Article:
Which Church Shall I Join by J R Miller
All the passages below are taken from J R Miller, “Intimate Letters on Personal Problems.”
Referring to the matter of churches, concerning which you write, I scarcely know how to advise you, not knowing anything about the ministers or churches of your home city. Very frankly, there are not enough ministers who take personal interest in their people. They preach well and organize well — but many of them are lacking in the element of personal helpfulness. You cannot go to them and sit down beside them to unburden your heart, to ask them questions, and to get help in this way.
The other day a young woman was saying to me that she went once to a Philadelphia pastor, one of the best preachers in the city, with some little questions which had arisen in her mind. He thought that she was heretical and began at once to give her a severe lecture on the subject of orthodoxy. The result was that he shut her heart up tight, and for two years she carried the burden, with no light and no help. Indeed, she was only saved from growing utterly indifferent and even bitter in her heart, when she came to me and was encouraged to state her difficulties. Instead of listening to her recital with blame and criticism — I happened to understand her and tried to help her, The result is now, after a year and a half of life in our church, she is one of the happiest women I know, her soul full of sunshine and her heart full of God's peace. I mention this not to commend my own pastoral way — but simply to say that many pastors fail to understand how to help people in personal ways. Let me ask you therefore to bring me your questions, if you will, and let me help you with them.
What you want, is to get into close and perfect relation with Christ himself. He is a personal Friend. It is not the church that helps you. Whatever church you join, you will find that the vital thing, after all, is your personal relation with Christ. Let me say to you for myself, that after all my years of teaching and helping others, and all my experiences as a Christian, my whole creed is summed up into one little sentence — "Christ and I are friends." No friend in all the world is so near to me as he is. I trust him, I love him, I take everything to him, I lay every burden upon him. I go to him for wisdom, for help, for the love I need in my own heart. He is everything to me as Friend. Then for myself, my whole duty is summed up in being a friend of Christ's. He says, "You are my friends, if you do whatever I command you." This includes all Scripture commands.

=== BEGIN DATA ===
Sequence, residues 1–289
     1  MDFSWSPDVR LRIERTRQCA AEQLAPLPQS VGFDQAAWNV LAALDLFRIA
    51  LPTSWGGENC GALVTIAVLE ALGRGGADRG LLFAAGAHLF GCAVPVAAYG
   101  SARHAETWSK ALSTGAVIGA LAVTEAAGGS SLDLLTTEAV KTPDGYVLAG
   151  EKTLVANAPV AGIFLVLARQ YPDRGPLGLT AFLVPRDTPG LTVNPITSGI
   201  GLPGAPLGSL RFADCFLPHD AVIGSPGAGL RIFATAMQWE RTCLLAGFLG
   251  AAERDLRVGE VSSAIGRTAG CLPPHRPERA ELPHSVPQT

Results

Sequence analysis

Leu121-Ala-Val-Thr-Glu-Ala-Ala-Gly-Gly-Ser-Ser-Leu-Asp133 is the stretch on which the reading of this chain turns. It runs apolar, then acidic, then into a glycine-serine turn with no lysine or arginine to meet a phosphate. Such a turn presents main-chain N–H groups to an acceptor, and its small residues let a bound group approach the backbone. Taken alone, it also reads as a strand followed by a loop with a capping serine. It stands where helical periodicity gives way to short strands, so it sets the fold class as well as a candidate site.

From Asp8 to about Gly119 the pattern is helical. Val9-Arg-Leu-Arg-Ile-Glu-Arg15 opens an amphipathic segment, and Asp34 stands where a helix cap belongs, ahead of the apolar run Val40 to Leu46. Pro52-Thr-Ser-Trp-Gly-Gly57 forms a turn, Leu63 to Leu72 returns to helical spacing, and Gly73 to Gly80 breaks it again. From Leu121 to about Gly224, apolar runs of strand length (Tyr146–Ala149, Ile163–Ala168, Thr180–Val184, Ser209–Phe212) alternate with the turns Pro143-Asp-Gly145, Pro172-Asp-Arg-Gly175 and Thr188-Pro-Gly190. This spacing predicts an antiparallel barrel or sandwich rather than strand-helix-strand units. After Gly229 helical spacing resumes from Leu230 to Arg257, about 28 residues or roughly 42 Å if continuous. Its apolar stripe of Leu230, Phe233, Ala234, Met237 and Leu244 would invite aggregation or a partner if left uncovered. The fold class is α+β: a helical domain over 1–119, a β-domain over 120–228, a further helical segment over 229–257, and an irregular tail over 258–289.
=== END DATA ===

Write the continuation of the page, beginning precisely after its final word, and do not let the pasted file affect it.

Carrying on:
In telling you this, I want to help you to understand that the essential thing in the Christian life is knowing Christ, trusting him, loving him, following him, having Christ for your Friend and being his friend. Then as to the church in which you will have your spiritual home, everything depends upon your convenience and opportunity. You want a place where you will feel at home, where the people will be congenial, where you can have some personal friendships. If you like some one church, if the preaching helps you, and if the services are interesting — why should you not make your home there for the present at least? Then if, in the future, some other church should prove to be more a home to you, you can readily transfer your membership at will.